Arizona-based mining giant Freeport-McMoRan finally reached an agreement with the Indonesian government regarding the extension of the permit to operate the Grasberg mine, the world's largest gold mine and third-largest copper mine, in Papua. Ignasius Jonan, Indonesian Energy and Mineral Resources Minister, said Freeport can per direct apply for a 10-year permit extension to mine at Grasberg beyond the year 2021. Afterwards, it can apply once more for a 10-year extension.
On Tuesday morning (29/08) a press conference was held in Jakarta at the headquarters of Indonesia's Energy and Mineral Resources Ministry. At this press conference Freeport McMoran CEO Richard C. Adkerson, Indonesian Finance Minister Sri Mulyani Indrawati, Indonesian Energy and Mineral Resources Minister Ignasius Jonan, and Special Communications Staff of the Minister of Energy and Mineral Resources Hadi Djuraid were present.
The dispute between Freeport-McMoRan's local unit Freeport Indonesia and the central government originates from Indonesia's 2009 New Mining Law, which set a far more protectionist approach in the country's mining sector (basically breaching existing contracts with miners' long-standing contracts of work). Starting from 2014 lengthy and heated discussions occurred between both sides regarding issues including the divestment obligation, the ban on exports of mineral ore, the mandatory construction of a new smelter, higher taxes and royalties, and the issue of extending Freeport's 30-year mining contract (due to expire in 2021).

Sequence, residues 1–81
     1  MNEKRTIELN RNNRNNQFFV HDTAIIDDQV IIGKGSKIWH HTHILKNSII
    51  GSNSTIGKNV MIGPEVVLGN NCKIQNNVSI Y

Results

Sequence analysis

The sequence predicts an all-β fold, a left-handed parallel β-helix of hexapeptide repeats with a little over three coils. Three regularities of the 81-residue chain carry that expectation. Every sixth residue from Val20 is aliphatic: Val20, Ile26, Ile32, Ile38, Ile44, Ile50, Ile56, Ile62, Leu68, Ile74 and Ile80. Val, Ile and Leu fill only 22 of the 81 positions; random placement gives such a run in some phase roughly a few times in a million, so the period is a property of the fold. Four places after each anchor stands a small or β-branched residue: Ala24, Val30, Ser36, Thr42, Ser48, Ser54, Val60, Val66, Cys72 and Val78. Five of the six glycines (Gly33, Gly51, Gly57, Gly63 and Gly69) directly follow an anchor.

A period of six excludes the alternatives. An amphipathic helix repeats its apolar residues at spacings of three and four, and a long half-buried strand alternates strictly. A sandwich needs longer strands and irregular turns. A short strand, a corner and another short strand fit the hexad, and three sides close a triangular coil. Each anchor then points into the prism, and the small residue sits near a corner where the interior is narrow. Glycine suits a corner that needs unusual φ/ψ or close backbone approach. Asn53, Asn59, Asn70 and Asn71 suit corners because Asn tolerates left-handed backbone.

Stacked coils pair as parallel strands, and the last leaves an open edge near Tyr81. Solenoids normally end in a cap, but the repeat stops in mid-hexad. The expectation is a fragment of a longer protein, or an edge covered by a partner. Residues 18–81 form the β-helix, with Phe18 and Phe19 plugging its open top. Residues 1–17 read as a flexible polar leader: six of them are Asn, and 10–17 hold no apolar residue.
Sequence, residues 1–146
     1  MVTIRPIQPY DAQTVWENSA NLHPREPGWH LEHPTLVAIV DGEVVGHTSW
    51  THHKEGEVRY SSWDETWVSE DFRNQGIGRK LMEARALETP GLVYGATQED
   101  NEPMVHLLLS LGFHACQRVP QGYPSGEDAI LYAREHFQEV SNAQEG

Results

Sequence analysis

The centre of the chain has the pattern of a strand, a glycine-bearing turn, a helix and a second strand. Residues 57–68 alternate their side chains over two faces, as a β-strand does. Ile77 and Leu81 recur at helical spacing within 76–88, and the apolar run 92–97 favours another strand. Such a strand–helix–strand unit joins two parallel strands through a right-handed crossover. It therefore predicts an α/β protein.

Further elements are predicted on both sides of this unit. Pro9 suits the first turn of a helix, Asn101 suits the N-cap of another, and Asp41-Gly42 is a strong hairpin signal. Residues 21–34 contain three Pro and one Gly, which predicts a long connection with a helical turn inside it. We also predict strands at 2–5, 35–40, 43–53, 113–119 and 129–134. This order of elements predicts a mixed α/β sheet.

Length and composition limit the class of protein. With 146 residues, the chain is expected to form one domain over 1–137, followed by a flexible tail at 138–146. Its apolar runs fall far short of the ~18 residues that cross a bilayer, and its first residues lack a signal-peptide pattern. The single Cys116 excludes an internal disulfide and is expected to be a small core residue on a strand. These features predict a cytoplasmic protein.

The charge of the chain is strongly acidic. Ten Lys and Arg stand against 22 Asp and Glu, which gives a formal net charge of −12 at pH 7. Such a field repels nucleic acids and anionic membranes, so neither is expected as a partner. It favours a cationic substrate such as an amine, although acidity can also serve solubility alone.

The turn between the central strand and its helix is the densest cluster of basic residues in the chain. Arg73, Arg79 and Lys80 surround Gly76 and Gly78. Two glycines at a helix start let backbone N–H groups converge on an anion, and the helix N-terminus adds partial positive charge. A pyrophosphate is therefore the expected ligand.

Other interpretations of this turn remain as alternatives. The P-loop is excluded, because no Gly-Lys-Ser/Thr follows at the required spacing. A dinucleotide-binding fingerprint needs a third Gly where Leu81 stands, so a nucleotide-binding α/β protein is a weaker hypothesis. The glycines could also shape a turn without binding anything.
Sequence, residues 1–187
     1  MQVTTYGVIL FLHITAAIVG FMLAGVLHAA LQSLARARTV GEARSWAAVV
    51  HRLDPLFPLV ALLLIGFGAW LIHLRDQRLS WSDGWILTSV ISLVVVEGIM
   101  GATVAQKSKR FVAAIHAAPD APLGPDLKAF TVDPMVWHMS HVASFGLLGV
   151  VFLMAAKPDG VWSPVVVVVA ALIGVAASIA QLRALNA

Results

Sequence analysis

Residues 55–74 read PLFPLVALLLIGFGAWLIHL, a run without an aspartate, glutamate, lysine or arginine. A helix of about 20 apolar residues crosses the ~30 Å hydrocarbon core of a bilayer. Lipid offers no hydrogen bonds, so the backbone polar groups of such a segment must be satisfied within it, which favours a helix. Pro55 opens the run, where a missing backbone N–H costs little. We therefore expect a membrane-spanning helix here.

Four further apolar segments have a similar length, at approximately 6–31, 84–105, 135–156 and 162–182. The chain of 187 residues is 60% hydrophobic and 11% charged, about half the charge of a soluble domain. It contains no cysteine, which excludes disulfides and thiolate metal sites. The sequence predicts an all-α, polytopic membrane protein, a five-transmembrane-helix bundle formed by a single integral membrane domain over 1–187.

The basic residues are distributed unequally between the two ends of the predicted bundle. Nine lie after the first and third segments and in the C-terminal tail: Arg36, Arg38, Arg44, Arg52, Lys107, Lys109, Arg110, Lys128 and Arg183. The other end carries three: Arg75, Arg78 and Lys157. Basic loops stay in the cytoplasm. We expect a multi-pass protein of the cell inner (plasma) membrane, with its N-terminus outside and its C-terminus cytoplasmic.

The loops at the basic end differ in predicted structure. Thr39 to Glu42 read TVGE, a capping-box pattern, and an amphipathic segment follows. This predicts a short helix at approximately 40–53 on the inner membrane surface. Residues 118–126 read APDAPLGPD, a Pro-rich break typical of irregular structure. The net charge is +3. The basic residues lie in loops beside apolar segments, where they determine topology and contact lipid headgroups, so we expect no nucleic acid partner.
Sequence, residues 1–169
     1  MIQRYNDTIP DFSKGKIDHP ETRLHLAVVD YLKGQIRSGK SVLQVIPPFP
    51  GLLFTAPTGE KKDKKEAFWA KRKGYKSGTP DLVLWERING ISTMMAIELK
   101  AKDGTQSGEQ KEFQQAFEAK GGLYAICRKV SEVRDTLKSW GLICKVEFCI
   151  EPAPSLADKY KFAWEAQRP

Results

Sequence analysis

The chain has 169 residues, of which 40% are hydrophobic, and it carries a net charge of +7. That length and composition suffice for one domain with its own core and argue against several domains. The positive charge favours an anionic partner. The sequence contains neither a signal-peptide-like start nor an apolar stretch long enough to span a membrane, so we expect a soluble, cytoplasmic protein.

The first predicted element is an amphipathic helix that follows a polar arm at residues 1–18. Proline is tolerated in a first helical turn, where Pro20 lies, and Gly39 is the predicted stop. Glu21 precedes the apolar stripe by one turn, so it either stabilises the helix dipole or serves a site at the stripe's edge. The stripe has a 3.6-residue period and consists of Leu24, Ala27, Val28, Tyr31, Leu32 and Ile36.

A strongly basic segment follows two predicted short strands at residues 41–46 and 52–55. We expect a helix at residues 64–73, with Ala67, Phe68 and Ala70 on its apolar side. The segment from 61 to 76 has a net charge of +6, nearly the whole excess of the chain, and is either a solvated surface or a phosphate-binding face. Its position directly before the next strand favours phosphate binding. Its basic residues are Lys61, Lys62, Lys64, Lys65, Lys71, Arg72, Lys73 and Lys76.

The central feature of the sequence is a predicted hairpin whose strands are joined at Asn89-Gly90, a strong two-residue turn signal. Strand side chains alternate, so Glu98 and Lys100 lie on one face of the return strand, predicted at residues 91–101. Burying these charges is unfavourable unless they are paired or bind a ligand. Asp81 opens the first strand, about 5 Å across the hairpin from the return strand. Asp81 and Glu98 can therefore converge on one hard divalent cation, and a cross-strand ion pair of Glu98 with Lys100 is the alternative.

Finance Minister Sri Mulyani said results of negotiations ensure more state revenue from the mining sector for the Indonesian government, particularly stemming from operations of Freeport Indonesia. She added that details with regard to taxes and other matters will be included in the attachment of the Special Mining Business License (in Indonesian: Izin Usaha Pertambangan Khusus, or IUPK) of Freeport Indonesia.
It means Freeport Indonesia agreed to change its existing contract of work into an IUPK (previously Freeport had been reluctant to make this shift as it could not enjoy the same fiscal and legal advantages under the IUPK).
Furthermore, Freeport also agreed to divest up to 51 percent of its shares. Currently, the central government already owns a 9.36 percent stake in Freeport Indonesia. However, there still need to be negotiations to determine which parties will be able to buy the shares, for what price, and in what time-frame. Sri Mulyani said she expects these negotiations to be completed before the end of the week.
Adkerson said the decision to agree with the 51 percent divestment rule and the construction of a second smelter are major concessions.